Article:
Questions to ask myself about whether to become a coach

Hi Coaches,

Your attorney friend is back with another question 🙂

So, I’ve been a lawyer for 15 years. A couple years ago I thought I was burned out and thought I wanted to become a life coach instead. I opened up a separate business entity for that purpose and let it just sit there. I didn’t do anything to find coaching clients and couldn’t figure out why I wanted to do it other than run away from frustration. So, I decided it would be better if I made peace with being an attorney before I left it.

And I did. I made peace with it. The 50% I still dislike is still there, but my attitude about it is different. Stuff that used to freak me out and make me lose sleep is now much more manageable.

Here’s the rub. Part of me wants to stay in law because I know I have more unfulfilled potential stretched out before me that I have not achieved, and I want to see what’s possible for me, and the impact I can make in my particular area…impact that could actually improve certain conditions for millions of people in my state.

But part of me knows that I have invested a lot of time figuring out how to be a successful lawyer while remaining physically and mentally healthy, and I’m one that a lot of other lawyers call on for advice, especially younger/newer lawyers. There’s a serious lack of effective mentoring in my industry. Since most mentoring in this field is expected to be done for free, it is inconsistent. I’d love to make it worth more. So I’m still intrigued by what potential is stretched out before me in the area of coaching, and in the niche of coaching other women lawyers on how to thrive in this industry. There is a need out there. And, I have evidence that there is potentially more scaleability and greater income coaching other lawyers than there is in practicing law. Law is a service that is not easily scaleable.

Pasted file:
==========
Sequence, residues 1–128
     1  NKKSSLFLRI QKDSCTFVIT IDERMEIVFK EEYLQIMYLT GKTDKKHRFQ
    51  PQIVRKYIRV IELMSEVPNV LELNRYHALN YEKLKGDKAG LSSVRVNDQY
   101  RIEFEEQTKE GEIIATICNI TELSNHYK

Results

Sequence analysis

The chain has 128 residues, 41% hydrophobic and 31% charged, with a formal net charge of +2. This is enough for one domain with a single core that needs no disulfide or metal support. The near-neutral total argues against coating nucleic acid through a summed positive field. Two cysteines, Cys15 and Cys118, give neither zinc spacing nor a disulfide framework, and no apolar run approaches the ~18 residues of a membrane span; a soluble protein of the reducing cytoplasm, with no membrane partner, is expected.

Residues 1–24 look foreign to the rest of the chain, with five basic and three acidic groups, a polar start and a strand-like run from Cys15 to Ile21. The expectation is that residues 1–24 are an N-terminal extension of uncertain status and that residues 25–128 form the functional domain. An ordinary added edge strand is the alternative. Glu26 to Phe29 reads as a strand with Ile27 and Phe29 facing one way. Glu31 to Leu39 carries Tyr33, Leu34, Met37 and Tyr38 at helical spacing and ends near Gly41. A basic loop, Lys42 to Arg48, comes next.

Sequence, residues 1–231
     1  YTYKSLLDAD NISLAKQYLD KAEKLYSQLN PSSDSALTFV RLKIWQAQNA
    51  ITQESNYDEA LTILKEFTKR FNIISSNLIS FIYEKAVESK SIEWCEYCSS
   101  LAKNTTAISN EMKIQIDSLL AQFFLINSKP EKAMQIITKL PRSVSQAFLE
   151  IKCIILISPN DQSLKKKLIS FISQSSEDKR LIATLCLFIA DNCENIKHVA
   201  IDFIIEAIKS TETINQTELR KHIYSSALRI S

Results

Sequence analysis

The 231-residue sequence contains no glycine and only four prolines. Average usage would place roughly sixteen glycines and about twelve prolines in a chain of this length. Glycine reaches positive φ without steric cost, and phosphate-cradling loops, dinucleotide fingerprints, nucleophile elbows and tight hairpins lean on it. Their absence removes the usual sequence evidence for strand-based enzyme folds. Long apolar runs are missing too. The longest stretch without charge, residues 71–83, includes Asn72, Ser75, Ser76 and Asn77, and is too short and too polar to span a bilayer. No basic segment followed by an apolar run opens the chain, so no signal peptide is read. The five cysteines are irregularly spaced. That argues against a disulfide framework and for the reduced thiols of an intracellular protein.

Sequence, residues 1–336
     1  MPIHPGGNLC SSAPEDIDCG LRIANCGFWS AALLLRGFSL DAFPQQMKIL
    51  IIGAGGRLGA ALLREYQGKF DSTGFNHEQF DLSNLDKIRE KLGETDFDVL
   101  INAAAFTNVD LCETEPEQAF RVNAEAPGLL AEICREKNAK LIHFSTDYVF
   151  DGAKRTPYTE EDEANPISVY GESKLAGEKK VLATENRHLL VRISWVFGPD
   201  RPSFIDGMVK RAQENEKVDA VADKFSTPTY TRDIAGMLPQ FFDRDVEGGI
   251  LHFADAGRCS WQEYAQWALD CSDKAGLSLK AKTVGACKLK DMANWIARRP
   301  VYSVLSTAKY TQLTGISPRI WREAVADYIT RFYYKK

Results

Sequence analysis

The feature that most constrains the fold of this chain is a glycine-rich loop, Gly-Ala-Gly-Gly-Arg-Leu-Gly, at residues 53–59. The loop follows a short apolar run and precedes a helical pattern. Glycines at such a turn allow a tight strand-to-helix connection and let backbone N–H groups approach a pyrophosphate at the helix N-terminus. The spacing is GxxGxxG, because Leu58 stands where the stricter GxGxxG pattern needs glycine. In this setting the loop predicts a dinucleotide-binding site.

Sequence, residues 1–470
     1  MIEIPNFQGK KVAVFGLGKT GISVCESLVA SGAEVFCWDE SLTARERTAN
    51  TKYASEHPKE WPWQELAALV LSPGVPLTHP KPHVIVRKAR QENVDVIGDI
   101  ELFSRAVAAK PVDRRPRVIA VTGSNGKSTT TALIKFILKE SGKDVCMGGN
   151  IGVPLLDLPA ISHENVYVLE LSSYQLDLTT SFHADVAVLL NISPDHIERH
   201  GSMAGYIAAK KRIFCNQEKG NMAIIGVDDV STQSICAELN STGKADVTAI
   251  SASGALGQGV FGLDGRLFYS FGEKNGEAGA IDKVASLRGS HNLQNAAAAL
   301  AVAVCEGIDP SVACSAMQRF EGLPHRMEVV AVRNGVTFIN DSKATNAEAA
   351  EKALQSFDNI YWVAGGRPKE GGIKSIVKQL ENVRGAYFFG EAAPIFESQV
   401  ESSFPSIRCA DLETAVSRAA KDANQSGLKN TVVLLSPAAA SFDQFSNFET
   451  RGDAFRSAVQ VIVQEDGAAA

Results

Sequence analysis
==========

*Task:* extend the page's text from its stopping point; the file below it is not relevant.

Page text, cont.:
But part of me thinks that there is no way that I can be truly effective at both at the same time — you know, what Confucius said: “he who chases two rabbits catches none.” So I keep defaulting to the lawyering, and despite being at peace with it, wonder if there is more impact and more income in coaching.

If I do one or the other, I feel like I’m shortchanging myself. What questions could I ask myself to help me sort this out?